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. Last Updated: 07/27/2016

Hockey Classic Carries On in Tough Times

The smooth skating and sharp shooting of international hockey returns to Moscow on Tuesday when Canada and Czechoslovakia face off in the first game of the six-day Izvestia Cup ice hockey tournament.

In its 25th year, the tournament brings together top national squads from Europe and North America.

This year's tournament includes teams from Sweden, Finland, Switzerland, Czechoslovakia, Germany, Canada and two squads from Russia -- the Olympic and national units.

The squads and games will be divided between Moscow and St. Petersburg, with the winners in each city eventually meeting in Moscow for the championship.

The Moscow group consists of the Russian national team, coached by Boris Mikhailov.

Cast as primary contenders for the championship are Sweden, Finland, Czechoslovakia and the Russian national team.

Given the turbulent economic times, the Russian Ice Hockey Federation has come on board to help finance and organize the tournament traditionally put on by Izvestia.

"We live in a complicated time", said Vladimir Petrov, president of the federation. "Many of the Russian problems are reflected in the sphere of sports and especially hockey".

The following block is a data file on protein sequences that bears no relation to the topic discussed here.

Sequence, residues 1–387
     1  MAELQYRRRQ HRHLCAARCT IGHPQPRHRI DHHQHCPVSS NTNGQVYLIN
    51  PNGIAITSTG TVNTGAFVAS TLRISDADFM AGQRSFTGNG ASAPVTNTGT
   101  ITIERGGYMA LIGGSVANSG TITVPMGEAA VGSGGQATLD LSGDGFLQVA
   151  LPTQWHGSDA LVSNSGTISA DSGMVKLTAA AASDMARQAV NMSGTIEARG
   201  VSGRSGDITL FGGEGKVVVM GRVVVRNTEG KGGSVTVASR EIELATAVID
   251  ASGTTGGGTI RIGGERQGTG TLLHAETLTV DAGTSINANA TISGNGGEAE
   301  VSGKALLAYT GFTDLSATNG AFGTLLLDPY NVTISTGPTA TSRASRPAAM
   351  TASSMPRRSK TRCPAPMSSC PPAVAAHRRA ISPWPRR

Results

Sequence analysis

Financial difficulties have paved the way for richer clubs in the National Hockey League and Europe to snatch up top players and coaches, depleting the talent pool that once made the former Soviet Union the undisputed czars of ice hockey.

Several key players from the goldmedal winning Unified Team have already jumped ship for the NHL, leaving coach Viktor Tikhonov with big holes to fill.

The St. Petersburg group is stronger on paper, with the talented Swedish team leading the way. Germany is still a notch below the top teams but has been more competitive in recent years. The Russian Olympic team under Tikhonov should never be counted out, but probably will not be strong enough to beat the Swedes.

In Moscow, the Russian national team is fresh from tournament wins in Germany and Finland. They will be formidable opponents for the young Canadians and the Swiss. The Canadians have only beaten the Russians, or the former Soviets, once in 13 tries, winning the tournament in 1987. The battle in the Moscow group will probably be between the final incarnation of the Czechoslovaks and the Russians.

The winners of each group play Monday for the championship in Moscow while the runner-ups will play for third place in St. Petersburg.

All the games in Moscow will be played at the CSKA stadium, Leningradsky Prospekt, on Tuesday, Thursday and Saturday. Tickets are already on sale, and cost up to 120 rubles at the kiosk in front of the arena.